Reader Center will be a place to enjoy nature, literature, art

By Rebecca A. Doyle

Burnham HouseBurnham House has begun to settle in its new home in the Arboretum after an official groundbreaking ceremony May 15. An addition will house an elevator and necessary physical equipment, allowing the existing rooms in the structure to house the James D. Reader Jr. Urban Environmental Education Center.

Speaking at the ceremony, poet Robert Hass said the Arb was "built in the 19th century, exploited in the 20th and we need to write the scene for the 21st century. We need to have an idea of how we will live in relation to the natural world."

Hass said the Reader Center will not only be a place to learn about nature and the plants in the Arb, but a place to weave literature and fine art into a natural environment. "There is no more important task that to do what this urban environmental center begins to do," he said.

President Lee C. Bollinger noted that the Arb is a place of many memories for those who are or have been students here or who have lived in Ann Arbor. One memory of the Arb he shared with the audience was of trying to "dominate the hill" while he was training for races. "Now," he said, "I have a more mature view of nature and do not wish to dominate it," but he confessed that perhaps his desire was tempered by age and lack of that youthful endurance.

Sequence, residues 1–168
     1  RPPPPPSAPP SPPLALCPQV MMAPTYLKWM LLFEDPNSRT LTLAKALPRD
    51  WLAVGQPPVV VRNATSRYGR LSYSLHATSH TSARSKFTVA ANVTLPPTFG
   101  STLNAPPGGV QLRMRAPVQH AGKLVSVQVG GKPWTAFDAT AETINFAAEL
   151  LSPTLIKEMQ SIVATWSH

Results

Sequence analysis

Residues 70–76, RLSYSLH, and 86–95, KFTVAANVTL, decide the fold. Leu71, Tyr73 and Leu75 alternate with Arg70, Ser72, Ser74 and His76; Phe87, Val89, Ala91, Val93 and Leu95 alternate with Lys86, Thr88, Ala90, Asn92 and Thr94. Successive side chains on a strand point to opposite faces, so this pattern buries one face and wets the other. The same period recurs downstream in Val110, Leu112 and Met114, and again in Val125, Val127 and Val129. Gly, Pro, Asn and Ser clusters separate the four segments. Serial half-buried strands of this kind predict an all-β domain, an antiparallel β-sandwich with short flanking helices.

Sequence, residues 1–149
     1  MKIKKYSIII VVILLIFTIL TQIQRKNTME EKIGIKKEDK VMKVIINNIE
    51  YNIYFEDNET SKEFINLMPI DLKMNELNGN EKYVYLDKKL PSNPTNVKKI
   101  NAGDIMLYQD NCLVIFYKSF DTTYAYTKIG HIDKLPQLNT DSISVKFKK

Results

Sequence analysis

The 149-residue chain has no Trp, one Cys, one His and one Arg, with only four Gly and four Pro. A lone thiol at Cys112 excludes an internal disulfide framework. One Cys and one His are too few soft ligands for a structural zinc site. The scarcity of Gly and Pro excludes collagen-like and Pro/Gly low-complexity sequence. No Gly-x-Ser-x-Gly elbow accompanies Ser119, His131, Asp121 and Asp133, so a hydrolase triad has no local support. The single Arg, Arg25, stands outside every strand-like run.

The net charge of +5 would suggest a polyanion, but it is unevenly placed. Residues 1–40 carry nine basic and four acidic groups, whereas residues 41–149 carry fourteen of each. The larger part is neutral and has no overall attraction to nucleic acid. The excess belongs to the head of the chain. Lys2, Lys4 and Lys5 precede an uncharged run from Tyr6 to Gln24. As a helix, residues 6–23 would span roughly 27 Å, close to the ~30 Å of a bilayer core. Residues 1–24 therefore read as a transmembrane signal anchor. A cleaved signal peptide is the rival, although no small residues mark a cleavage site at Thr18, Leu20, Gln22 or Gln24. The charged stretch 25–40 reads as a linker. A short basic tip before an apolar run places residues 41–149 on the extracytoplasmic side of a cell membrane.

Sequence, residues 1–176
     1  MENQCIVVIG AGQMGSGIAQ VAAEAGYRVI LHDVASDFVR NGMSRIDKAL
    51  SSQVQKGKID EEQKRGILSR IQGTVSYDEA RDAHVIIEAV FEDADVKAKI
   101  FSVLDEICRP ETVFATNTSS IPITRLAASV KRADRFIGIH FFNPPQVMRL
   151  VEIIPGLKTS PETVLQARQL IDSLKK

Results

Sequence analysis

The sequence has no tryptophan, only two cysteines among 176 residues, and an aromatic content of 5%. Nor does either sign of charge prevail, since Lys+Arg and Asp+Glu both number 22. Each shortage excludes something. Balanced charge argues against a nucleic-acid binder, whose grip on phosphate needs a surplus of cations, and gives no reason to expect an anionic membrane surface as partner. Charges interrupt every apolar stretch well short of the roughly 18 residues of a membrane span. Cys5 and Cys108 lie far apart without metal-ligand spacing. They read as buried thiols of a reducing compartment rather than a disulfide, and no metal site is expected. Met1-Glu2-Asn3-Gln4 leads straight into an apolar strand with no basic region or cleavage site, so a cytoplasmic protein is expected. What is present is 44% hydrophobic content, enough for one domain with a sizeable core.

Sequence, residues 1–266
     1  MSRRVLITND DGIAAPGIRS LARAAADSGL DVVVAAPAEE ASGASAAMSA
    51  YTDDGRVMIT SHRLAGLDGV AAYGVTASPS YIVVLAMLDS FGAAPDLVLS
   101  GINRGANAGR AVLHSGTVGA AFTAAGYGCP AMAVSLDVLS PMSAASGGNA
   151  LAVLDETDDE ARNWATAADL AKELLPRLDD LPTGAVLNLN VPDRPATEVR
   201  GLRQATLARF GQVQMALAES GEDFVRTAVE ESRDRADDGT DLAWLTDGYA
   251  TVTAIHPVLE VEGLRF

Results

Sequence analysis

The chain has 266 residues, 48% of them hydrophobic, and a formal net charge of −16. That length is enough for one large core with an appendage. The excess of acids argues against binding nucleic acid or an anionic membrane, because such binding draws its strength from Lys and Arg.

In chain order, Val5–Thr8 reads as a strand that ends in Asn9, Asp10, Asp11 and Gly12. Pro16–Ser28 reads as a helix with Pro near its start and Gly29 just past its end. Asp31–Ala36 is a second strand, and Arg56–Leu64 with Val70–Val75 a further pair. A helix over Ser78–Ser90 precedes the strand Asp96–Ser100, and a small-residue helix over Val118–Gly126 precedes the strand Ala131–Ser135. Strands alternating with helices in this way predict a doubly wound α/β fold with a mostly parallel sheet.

"There is a healthy tension between places like the Arb and education," Bollinger said. "We want a non-rational experience in these places instead of learning botanical names or categories." But sometimes we can only get what we want from learning those names and more about the natural surroundings, he said. Poetry offers an opportunity to find a middle ground, he suggested in introducing Hass, who was United States Poet Laureate in 1996 and 1997.

Regent Philip Power talked about the importance of the Arb and the Reader Center, and said that moving Burnham house to its present location is "an example of creative historical renovation and an example of how preserving the past creates the future." Together the Center, the Arb and the University have the "joint capacity to transform the present" into the future.

Guests were welcomed to the ceremony by Harrison L. Morton, director of the Nichols Arboretum and associate dean of the School of Natural Resources and Environment.